It took less than 24 hours

Matthew Hoy
By Matthew Hoy on May 9, 2008

I could see it coming from a mile away when national cable news channels reported on a huge drug probe at San Diego State University that resulted in 96 arrests and implicated students at several fraternities.

Thursday's second-day story on the busts led with this:

The unusual move by San Diego State University officials to invite federal drug agents to infiltrate the campus is sparking concern and criticism but also drawing interest from college administrations elsewhere.

Carole Kennedy, a political science professor and head of SDSU's faculty union, said she was dismayed by the level of drug activity on campus. But Kennedy said she also was disturbed that the university's president “unilaterally allowed” undercover federal agents to gather intelligence from student organizations.

The unusual move by San Diego State University officials to invite federal drug agents to infiltrate the campus is sparking concern and criticism but also drawing interest from college administrations elsewhere.

It sets a bad precedent, Kennedy said.

“Now it's drugs,” she said. “Maybe next time it's about political dissent. . . . What happens when you have students talking about federal income tax policy, saying they're not going to pay their taxes? Are they going to bring in IRS agents?”

Only a academic ensconsed so high in an ivory tower that oxygen is scarce could come up with this complaint. Has "academic freedom" become so all-encompassing that universities are law-free zones?

This wasn't a couple of guys growing a few pot plants in the closet at their off-campus apartment. There was organized drug-dealing going on at this campus on a scale that is unparalleled in recent history.

Does Kennedy really think the university president would call in federal agents (or that federal agents would come if called) over mere dissent? The university president resides in that same ivory tower. The Drug Enforcement Administration was only called in when campus cops came to realize that they had more going on on that campus than they could handle -- and that's the only reason why the DEA agreed to the request.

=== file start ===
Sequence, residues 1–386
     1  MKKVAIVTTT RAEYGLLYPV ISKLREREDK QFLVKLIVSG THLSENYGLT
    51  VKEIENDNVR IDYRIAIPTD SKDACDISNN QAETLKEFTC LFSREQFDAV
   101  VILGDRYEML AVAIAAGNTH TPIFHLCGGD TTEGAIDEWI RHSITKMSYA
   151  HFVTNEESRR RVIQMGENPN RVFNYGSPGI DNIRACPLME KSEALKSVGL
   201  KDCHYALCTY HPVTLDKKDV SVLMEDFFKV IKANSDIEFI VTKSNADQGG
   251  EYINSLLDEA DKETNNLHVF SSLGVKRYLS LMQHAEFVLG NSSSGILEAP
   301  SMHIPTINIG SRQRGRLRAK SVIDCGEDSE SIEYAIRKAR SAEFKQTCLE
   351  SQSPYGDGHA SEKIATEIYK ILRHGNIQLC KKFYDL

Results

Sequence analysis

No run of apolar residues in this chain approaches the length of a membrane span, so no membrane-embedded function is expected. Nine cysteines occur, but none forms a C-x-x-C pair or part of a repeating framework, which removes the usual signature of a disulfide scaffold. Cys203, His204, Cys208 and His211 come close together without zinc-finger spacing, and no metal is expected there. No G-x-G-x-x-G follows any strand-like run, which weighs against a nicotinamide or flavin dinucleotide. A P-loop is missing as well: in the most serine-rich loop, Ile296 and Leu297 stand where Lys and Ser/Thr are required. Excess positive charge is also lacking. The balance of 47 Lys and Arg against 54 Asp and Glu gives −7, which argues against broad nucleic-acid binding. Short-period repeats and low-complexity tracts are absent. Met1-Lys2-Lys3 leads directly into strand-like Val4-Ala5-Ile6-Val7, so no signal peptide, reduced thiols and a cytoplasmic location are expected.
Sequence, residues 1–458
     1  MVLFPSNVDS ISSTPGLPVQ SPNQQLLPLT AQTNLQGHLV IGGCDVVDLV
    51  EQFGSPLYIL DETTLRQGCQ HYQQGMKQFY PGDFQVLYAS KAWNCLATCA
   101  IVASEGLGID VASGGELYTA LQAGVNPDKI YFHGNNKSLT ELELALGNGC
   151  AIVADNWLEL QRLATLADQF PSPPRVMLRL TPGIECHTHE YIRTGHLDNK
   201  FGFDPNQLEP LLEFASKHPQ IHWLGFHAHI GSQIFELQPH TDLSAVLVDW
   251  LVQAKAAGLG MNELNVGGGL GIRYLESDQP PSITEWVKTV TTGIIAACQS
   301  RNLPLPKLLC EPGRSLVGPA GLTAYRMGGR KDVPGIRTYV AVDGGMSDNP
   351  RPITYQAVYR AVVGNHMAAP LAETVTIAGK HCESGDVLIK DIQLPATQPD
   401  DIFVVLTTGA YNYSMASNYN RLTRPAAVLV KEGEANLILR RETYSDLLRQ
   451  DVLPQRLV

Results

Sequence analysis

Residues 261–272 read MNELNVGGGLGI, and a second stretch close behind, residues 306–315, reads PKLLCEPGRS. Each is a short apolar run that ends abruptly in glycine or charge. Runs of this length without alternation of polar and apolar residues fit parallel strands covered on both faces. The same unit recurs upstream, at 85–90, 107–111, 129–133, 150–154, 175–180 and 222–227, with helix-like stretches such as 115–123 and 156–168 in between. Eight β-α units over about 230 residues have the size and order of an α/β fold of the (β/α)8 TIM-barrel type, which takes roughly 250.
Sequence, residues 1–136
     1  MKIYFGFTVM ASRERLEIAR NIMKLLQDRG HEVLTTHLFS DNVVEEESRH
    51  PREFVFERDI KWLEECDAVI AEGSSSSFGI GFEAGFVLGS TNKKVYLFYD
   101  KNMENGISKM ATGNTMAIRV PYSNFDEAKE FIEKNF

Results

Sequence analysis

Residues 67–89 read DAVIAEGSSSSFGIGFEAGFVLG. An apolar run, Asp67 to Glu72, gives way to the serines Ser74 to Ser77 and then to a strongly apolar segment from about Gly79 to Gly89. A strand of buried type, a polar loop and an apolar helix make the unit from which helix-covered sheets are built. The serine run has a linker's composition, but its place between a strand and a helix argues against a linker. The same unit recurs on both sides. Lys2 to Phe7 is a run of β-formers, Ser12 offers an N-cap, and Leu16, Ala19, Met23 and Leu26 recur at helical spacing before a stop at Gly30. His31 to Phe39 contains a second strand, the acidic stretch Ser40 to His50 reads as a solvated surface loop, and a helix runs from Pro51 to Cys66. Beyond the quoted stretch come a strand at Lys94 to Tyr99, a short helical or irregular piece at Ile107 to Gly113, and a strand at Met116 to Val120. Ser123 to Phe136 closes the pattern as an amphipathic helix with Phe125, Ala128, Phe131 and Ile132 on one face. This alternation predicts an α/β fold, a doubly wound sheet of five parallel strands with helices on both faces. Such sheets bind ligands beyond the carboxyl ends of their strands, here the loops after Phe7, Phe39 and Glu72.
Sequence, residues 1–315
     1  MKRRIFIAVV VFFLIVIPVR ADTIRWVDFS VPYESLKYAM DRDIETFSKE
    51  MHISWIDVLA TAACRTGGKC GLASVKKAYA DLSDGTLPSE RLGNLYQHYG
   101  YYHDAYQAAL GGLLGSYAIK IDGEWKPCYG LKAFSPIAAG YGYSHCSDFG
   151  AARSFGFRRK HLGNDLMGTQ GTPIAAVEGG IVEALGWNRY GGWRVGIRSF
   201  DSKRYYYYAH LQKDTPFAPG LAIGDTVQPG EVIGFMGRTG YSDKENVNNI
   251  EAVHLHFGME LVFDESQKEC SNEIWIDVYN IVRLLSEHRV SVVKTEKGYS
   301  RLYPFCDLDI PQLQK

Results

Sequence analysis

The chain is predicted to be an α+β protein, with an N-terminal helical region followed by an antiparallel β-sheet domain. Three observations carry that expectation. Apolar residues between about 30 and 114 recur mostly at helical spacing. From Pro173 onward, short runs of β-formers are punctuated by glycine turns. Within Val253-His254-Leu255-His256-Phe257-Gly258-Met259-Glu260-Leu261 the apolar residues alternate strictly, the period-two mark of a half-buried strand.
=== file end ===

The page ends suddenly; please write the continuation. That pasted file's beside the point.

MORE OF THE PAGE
I'd be willing to bet professor Kennedy that this incident turns out to be a one off. If another college calls in the DEA to assist in a sting of this magnitude in the next five years, I'll buy season tickets to Aztec Football. If there's two stings in the next five years, I'll attend the games.

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To be clear, it's still a 1A violation even as they supposedly intended it. But their rush to pass it made it encompass all sorts of stuff.

The judge should not take them at their word that they will "fix" it. The judge should issue the preliminary injunction we requested.

16-year-old Lola Fitzgerald has been racking up skeet shooting championships in and out of her home state. Now a new California law has shut her out of the sport and is threatening her Olympic hopes. https://thereload.com/the-california-gun-law-dashing-young-female-champions-olympic-dream/

In a just world, SB 918 and its New York counterpart would make the Supreme Court* say: "well, we tried to let you keep shall issue, but you morons just couldn't help yourselves, so now constitutional carry is the law of the land".

*Hopefully it doesn't need to go to SCOTUS.

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